With this new technology, Louisville Assembly can build up to six different vehicles at the same time, allowing Ford to meet demand more quickly in the event of potential shifting customer preferences dictated by changing economic conditions.
"Manufacturing flexibility is a key to competitiveness, and we are continually exploring ways to raise the bar in this critical area of the business," said Jim Tetreault, Ford's vice president of North America Manufacturing. "While we are launching Louisville Assembly Plant with one key product – the next-generation Ford Escape – we are building in the flexibility to produce other vehicles at the plant in the future, depending upon volume requirements, customer preferences and other factors that affect vehicle demand."
The Commonwealth of Kentucky and the city of Louisville are key partners in strengthening the foundation for Ford's commitment to American manufacturing in Louisville. Ford's state and local partners have committed up to $240 million in tax incentives during the next 10 years, based on current and potential future investments and job creation at the company's two Kentucky facilities – Louisville Assembly Plant and Kentucky Truck Plant.
Kentucky's incentives are based upon an initial combined Ford investment at both facilities of about $800 million – the $600 million for Louisville Assembly transformation and the previously invested $200 million for accommodating Ford Expedition and Lincoln Navigator production at Kentucky Truck Plant. The incentive also allows for additional investment in the future.
"We are grateful to the Commonwealth of Kentucky and the city of Louisville for their support of Ford and our commitment to manufacturing here," Fields said. "With Louisville Assembly Plant up and running next year, Ford will have nearly 6,600 employees in Kentucky, and the work we have done together makes this an important manufacturing center of excellence for us."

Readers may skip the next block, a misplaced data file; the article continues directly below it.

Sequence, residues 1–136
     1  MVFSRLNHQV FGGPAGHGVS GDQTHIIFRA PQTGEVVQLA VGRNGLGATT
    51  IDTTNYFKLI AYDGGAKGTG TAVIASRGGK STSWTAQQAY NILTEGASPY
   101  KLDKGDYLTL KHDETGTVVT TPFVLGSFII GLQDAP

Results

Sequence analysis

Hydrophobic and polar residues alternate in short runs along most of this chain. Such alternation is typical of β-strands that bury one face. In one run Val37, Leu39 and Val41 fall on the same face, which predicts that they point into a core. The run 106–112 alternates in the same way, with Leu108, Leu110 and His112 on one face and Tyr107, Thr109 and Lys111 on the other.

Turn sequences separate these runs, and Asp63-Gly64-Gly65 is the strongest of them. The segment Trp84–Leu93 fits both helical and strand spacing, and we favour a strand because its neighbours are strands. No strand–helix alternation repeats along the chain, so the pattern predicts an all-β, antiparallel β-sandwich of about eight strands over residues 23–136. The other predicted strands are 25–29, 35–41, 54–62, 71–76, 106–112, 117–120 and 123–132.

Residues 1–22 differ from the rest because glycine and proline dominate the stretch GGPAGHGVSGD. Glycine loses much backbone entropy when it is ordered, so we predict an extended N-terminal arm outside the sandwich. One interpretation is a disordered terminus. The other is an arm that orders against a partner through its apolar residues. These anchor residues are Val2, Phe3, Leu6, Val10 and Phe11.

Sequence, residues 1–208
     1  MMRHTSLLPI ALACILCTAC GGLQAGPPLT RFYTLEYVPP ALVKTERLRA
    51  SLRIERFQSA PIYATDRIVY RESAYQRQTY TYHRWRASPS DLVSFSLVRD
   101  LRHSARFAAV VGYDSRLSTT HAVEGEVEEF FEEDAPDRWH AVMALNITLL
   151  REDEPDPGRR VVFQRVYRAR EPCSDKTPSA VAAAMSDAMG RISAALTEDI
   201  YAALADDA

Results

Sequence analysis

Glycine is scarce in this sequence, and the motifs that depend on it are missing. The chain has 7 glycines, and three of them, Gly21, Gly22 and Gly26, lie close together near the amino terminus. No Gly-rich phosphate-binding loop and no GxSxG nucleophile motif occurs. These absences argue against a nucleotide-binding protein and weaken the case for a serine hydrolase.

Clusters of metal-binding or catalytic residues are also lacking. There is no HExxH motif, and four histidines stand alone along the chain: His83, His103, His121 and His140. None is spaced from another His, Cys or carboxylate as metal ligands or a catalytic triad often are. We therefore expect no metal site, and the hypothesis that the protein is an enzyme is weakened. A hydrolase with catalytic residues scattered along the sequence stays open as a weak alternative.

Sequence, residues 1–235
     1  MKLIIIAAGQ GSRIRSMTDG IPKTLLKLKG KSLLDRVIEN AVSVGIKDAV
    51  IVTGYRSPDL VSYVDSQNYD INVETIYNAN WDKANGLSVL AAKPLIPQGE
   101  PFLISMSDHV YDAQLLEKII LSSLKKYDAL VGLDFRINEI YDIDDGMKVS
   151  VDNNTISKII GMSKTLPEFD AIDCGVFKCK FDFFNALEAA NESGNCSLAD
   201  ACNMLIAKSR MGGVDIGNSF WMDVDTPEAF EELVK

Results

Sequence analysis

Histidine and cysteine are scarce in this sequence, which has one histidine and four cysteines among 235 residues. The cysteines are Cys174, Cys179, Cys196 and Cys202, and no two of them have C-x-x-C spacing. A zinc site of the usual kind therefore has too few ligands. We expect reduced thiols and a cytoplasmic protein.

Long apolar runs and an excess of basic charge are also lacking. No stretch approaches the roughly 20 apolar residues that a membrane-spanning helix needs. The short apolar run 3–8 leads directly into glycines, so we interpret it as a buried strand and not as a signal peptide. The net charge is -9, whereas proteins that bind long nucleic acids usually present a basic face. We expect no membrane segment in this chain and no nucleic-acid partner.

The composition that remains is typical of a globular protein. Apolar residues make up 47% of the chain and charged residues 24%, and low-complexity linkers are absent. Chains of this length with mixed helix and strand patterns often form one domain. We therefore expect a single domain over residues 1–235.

"Kentucky takes great pride in its ongoing partnership with Ford Motor Company," said Gov. Steve Beshear. "The transformation of the Louisville Assembly Plant demonstrates the depth of that relationship and the tremendous results that can occur when state and local government and the private sector work together. It is because of our relationship that the Commonwealth proactively approved an amended incentive package today that will create the flexibility to potentially increase Ford's investment and jobs at Louisville Assembly Plant and Kentucky Truck Plant over time."
Ford's investment of $600 million in Louisville Assembly Plant for production of the next-generation Escape also is supported by the company's green partnership with the U.S. Department of Energy. Louisville Assembly Plant is one of 11 Ford facilities in the U.S. participating in the Advanced Technology Vehicles Manufacturing Incentives Programinitiated by Congress and implemented by the Obama administration. The program is helping to develop advanced technology vehicles and strengthen American manufacturing across the country.
"Only one word can capture the magnitude of today's announcement – WOW," said Louisville Mayor Jerry Abramson. "Ford is making a long-lasting investment in the company's future in Louisville, Kentucky and a tremendous commitment to our citizens by dramatically expanding the number of good-paying jobs."